olivesMost houses have it - that catch-all place just inside the main door which is the dumping ground for the mail, keys and whatever else we have in hand when we get home. In our house this snapshot of our lives is just inside our kitchen door and it’s a long white sideboard. Just like the Rancho itself, this is not an antique, and it is rarely elegant. But it does sum up who we are.
Which is why this page is called The Sideboard. We hope it will be to the website what the real sideboard is to our house - a place to see at a glance what is going on with us, with our guests, visitors, animals, gardens and lives. And we hope that you’ll return to check us out from time to time...

It is Autumn.  The harvest moon is yielding place to the hunters’ moon in the sky.  And we go out into the orchard and groves and garden to pick our fruits and vegetables.  There is something deeply satisfying about this part of the contract that we have with our plants and trees.  We’ve planted them and fed them and watered them and kept the birds and deer and bunnies at bay (somewhat) and now we collect.  The lettuces are sharper in taste than the ones in the market.  The cabbages bear scars from creatures who’ve sampled and moved on.  The tomatoes are small and not so pretty but heavenly to eat.  And the best part is, we grew them.  Arthur Clarke said that farms are mankind’s most beautiful machines.  Beautiful on the outside -- and on the inside.   I know, it’s hard to think of cabbages as beautiful but try the recipe below and you just might change your mind...


something old, something new...

We started before dawn on Friday and by Saturday afternoon, the back of
the truck was loaded with dark purple olives and we were all filthy, tired
and euphoric.  By midnight the oil had been pressed and put into stainless
steel fustis.  At breakfast the next morning, we tasted the 2013 pressing for
the first time; smooth and fruity with a little pungent kick.  Wonderful!

views
dogs

olive leaves Above: A harvest basket sits on a sideboard, while lunch is prepared for the pickers. Next row: The trees in the early morning. At left: One of the fustis sits on the sideboards, tasting bowl alongside. There is nothing like fresh olive oil. Above: The olives we picked - dark purple this year. Below left: Franny and Lulu wait for lunch - anybody's lunch.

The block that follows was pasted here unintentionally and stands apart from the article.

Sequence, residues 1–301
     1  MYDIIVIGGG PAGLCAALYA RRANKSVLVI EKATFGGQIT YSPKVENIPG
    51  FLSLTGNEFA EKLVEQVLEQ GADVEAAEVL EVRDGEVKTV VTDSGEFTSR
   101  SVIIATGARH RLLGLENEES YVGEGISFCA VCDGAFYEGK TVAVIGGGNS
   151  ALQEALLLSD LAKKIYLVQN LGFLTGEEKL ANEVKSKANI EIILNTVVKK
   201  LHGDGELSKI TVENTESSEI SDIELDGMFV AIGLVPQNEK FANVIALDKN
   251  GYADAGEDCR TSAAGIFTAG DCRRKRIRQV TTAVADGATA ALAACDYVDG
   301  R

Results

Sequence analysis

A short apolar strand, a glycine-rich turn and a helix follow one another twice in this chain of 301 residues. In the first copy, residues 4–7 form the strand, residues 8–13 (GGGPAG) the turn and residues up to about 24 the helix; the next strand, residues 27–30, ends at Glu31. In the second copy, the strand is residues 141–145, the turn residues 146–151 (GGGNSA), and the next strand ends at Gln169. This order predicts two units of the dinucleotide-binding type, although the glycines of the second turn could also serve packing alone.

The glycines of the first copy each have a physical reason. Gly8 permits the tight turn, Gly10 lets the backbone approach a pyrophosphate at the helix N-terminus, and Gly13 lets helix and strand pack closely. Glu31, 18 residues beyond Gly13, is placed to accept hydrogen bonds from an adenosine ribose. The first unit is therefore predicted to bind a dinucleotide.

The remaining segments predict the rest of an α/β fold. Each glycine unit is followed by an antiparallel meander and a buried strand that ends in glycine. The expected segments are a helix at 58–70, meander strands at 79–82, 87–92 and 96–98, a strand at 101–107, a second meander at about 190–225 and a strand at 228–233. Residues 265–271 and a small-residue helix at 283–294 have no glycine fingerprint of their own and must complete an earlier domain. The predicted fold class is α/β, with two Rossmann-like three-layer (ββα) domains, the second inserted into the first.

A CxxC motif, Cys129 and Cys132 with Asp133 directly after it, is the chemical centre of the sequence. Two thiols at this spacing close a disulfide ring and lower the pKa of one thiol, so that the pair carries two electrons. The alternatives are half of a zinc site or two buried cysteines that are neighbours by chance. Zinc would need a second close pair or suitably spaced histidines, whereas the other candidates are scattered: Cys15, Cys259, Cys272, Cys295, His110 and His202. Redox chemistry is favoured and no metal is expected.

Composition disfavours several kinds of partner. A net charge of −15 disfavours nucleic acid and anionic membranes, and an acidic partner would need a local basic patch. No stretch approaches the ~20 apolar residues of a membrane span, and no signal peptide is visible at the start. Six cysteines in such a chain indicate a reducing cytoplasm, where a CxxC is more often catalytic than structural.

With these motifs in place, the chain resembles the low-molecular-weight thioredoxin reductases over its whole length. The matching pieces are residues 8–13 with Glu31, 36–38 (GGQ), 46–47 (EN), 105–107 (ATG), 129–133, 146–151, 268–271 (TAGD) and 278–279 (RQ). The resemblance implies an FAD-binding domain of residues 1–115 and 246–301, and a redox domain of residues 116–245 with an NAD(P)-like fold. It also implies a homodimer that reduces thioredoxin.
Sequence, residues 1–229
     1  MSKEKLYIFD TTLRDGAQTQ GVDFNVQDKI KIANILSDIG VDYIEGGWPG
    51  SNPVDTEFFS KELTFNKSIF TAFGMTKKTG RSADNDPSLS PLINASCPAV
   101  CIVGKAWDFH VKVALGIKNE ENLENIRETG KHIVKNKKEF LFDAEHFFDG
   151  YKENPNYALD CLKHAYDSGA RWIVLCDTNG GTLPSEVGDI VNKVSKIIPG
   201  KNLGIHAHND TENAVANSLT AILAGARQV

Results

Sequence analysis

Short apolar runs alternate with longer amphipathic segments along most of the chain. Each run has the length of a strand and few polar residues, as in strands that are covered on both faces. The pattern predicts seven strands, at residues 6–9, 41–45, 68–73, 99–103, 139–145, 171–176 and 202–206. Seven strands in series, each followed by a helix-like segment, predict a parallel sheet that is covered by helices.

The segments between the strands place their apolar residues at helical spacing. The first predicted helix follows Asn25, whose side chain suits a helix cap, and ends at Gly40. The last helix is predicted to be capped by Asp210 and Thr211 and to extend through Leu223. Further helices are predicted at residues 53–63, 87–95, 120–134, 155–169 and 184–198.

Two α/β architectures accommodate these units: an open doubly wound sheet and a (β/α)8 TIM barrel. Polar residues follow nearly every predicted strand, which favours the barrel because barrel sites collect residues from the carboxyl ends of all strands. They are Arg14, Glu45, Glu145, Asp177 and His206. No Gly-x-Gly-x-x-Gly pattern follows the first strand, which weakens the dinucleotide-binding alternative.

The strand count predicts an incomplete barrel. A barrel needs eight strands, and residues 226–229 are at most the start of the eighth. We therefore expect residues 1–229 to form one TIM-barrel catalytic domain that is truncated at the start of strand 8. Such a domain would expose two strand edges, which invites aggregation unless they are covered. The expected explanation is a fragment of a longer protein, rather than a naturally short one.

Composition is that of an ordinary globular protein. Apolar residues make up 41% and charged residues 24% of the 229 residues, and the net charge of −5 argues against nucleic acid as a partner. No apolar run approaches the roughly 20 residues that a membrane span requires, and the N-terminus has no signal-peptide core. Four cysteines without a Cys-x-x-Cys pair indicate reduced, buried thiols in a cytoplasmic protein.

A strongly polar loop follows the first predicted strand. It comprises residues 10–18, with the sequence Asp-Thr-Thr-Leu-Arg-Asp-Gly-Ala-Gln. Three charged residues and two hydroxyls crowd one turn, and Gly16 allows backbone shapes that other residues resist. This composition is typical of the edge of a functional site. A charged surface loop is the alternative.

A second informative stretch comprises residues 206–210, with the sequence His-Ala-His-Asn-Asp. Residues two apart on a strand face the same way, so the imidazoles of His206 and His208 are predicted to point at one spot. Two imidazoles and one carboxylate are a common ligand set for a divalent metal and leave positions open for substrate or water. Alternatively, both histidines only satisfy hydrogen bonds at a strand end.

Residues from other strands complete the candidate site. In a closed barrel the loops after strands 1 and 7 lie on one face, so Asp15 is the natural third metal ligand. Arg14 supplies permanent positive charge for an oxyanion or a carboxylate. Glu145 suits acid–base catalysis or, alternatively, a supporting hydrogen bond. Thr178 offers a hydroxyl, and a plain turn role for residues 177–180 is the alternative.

olive oil
oranges

How to make a cabbage beautiful?  Even this cabbage from our garden which would win no prizes for prettiness but we know it tastes just like a cabbage should.  And that’s just the problem according to cabbage non-appreciators.  Cabbage is a lot of work for not much reward and they only eat the slaw for the mayo.  So try this:  Slice the cabbage thinly (you’ve washed it, removed the chunkier leaves, etc.)  Heat some olive oil (I know you’re not supposed to cook with it, but humor me) in a pan.  Sear the cabbage for maybe a minute.  Take an orange and squeeze it over the cabbage while it’s still in the pan.  Add freshly ground pepper and sea salt and serve. 

meanwhile roses

No one invited Candi the horse to the baby shower for our new friend Nylah (born 2 weeks later - Welcome!) but Candi showed up anyway.  She strolled among the tables making new friends and eating the lawn (very politely ignoring the pretty pink floral arrangements) and wasn’t sent home until she started eating the dog food. 

hoover

Jill






I just couldn’t take these photos of Hoover down because besides being cute they are evidence that we do actually bathe him.  He’s called Hoover because he was found on Hoover Boulevard in downtown Los Angeles.  He is stinky.  He can play soccer (he’s amazing in goal) but tends to hog the ball.  He has a Facebook page.  And he also eats raw olives.  A true street dog.

sideboards past
Fall 2005
Holidays 2005
February 2006
Autumn 2008
Summer 2012

Rancho del Cielo Malibu, located in Malibu, California is widely known for its romantic locations, beautiful gardens,
acres of olive groves, stunning ocean views, wild mountain backdrop, and its serene atmosphere.

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